Entitlement is internally-institutionalized self-interest. It’s in our heart. That’s why it’s harder to fight. It’s self-interest that has been taught that selfishness is good. It is bolstered by our fears that we won’t get what we deserve. It is fueled by envy at what others have unjustly or get away with. It is reinforced by unforgiveness that prevents us from facing today afresh because we keep taking yesterday’s painful lessons, many times unconsciously, and applying them towards self-interest today. It can be as obvious as people who are lazy clamoring for more, or disguised as a child expecting his parents to afford certain things, or be social like expecting to be invited to a friend’s wedding, or even well-meaning expectations parents place on their kids.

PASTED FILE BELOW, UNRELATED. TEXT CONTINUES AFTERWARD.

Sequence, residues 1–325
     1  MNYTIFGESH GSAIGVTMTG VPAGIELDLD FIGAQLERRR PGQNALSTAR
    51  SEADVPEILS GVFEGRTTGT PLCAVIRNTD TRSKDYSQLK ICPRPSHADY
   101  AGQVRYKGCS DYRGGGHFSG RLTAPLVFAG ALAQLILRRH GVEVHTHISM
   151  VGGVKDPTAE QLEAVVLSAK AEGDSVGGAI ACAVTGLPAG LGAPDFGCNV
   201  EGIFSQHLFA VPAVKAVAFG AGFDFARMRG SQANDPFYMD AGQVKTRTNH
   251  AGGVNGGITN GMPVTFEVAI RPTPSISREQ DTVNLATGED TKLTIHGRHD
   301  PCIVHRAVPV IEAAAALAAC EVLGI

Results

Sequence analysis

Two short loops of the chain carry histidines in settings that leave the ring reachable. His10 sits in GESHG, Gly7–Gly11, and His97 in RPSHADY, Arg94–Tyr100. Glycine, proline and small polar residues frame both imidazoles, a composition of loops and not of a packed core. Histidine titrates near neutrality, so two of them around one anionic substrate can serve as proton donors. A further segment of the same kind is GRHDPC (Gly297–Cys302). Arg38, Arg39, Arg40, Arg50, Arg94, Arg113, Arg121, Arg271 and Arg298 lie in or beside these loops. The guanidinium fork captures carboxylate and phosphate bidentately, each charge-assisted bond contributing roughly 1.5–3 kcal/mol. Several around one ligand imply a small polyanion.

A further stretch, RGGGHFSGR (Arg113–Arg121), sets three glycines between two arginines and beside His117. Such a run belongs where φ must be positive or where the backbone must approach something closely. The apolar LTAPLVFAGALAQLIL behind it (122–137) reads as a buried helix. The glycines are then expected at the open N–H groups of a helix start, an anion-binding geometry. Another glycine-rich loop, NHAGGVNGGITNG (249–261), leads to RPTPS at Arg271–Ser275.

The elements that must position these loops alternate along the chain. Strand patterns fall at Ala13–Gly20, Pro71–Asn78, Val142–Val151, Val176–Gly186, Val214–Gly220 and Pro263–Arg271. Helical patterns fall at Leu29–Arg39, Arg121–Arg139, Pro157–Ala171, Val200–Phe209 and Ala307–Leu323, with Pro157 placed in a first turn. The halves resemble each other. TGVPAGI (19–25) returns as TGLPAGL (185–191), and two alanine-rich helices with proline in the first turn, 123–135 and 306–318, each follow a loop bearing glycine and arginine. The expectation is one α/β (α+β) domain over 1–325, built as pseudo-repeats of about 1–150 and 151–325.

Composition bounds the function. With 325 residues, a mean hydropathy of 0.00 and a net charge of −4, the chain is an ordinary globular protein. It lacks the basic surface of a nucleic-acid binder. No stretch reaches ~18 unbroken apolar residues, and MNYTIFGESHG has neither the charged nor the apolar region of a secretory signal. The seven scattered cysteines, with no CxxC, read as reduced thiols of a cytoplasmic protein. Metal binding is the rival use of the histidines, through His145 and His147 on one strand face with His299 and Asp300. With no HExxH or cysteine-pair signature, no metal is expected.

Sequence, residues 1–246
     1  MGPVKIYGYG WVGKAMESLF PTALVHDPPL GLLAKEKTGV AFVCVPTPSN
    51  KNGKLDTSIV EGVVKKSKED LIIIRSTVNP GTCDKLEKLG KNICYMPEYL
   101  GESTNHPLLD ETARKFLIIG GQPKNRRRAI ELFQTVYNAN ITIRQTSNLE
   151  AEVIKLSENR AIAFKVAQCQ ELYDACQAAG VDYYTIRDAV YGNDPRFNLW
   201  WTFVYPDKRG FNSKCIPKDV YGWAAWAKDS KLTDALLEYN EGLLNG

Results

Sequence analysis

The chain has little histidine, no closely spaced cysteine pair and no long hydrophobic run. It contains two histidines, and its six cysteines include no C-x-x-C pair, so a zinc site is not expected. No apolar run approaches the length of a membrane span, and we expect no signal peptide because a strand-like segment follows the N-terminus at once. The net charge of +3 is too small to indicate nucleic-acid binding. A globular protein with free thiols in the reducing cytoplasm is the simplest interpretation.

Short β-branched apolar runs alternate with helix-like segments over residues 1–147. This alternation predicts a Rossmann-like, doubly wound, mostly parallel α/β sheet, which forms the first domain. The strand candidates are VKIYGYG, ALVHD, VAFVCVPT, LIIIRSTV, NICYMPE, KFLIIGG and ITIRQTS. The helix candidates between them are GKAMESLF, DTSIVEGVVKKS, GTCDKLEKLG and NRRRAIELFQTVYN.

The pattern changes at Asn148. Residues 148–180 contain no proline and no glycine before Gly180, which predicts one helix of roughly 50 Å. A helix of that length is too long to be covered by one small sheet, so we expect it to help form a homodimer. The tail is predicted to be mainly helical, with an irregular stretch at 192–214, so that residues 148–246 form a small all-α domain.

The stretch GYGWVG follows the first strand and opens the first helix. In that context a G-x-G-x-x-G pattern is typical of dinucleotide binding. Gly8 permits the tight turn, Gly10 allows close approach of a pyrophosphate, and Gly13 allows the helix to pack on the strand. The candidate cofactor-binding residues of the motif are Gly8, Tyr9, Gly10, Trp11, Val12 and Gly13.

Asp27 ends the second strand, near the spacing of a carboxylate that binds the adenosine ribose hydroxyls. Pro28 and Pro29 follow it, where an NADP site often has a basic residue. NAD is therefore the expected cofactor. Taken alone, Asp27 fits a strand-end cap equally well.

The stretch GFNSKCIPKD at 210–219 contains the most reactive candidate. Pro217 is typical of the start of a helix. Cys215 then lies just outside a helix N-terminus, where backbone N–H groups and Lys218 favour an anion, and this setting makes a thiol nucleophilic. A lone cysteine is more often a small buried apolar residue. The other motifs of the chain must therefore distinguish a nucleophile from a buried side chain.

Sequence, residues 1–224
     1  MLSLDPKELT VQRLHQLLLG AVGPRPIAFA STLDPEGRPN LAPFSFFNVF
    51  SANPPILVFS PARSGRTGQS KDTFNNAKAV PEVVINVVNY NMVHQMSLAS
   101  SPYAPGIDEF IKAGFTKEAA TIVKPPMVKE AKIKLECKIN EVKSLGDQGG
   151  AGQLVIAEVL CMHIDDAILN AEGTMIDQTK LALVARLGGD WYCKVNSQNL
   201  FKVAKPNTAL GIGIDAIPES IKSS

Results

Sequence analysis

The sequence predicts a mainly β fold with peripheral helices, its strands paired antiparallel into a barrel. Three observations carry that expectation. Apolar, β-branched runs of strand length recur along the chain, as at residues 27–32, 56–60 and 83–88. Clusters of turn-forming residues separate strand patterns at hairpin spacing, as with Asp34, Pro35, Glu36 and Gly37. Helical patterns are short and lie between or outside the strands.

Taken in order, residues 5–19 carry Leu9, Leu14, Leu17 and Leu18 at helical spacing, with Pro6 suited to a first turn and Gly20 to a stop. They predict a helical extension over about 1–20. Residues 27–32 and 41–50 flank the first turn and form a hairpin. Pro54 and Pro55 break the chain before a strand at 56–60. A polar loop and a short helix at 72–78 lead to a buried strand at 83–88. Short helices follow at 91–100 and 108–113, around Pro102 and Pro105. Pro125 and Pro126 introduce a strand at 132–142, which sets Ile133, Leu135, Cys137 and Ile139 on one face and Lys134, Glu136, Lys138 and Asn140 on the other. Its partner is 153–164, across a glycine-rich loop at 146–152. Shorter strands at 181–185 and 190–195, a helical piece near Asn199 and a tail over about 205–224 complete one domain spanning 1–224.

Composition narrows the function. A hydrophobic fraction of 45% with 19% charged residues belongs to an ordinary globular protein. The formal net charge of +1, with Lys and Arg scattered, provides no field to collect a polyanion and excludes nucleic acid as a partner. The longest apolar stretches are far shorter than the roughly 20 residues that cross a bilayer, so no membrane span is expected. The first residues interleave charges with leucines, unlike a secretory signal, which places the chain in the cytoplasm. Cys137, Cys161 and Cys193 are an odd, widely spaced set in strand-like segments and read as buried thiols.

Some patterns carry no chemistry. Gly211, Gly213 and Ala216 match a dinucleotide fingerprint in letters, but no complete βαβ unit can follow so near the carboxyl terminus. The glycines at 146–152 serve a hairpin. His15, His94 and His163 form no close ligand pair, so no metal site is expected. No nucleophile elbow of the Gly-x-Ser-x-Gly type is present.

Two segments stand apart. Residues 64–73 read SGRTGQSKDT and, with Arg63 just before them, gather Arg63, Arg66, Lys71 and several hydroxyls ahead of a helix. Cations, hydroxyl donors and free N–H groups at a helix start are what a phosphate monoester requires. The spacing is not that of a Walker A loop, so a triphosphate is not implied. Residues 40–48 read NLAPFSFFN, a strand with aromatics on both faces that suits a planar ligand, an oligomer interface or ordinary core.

Entitlement makes the wise exploit and the foolish lazy, the religious intolerant, the honorable proud, and the dishonorable condemned. It makes the good unforgiving and arms the bad with a personal reason. It makes the simpleminded superstitious. It makes the individual a rebel and the family a burden. It makes marriages obligations and makes single people think they have no obligations other than towards their own advancement. Entitlement makes us have a higher sense of self-worth without the corresponding abilities and skills, and so leads to failure and disillusionment. Entitlement makes leaders lord over instead of serve.
Entitlement makes us burden our relationships, kill success, and live irrelevant lives that have no real impact on greater society. The worst part about entitlement is, even as we do this damage, we do it all with a feeling that we are in the right. We are brought back to the “if” in John 13:55, and this is why not all people know.